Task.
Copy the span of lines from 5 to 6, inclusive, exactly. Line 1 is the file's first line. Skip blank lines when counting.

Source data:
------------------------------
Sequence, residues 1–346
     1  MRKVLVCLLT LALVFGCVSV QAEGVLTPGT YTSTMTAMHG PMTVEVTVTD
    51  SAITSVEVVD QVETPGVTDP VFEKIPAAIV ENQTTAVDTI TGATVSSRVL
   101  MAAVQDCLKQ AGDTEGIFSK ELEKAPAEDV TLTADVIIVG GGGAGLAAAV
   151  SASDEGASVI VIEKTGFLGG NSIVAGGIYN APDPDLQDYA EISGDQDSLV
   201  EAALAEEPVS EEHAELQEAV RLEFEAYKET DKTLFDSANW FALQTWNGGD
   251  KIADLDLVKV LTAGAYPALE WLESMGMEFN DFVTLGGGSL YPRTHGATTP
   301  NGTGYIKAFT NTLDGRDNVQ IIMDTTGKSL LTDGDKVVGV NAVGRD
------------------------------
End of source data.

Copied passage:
   151  SASDEGASVI VIEKTGFLGG NSIVAGGIYN APDPDLQDYA EISGDQDSLV
   201  EAALAEEPVS EEHAELQEAV RLEFEAYKET DKTLFDSANW FALQTWNGGD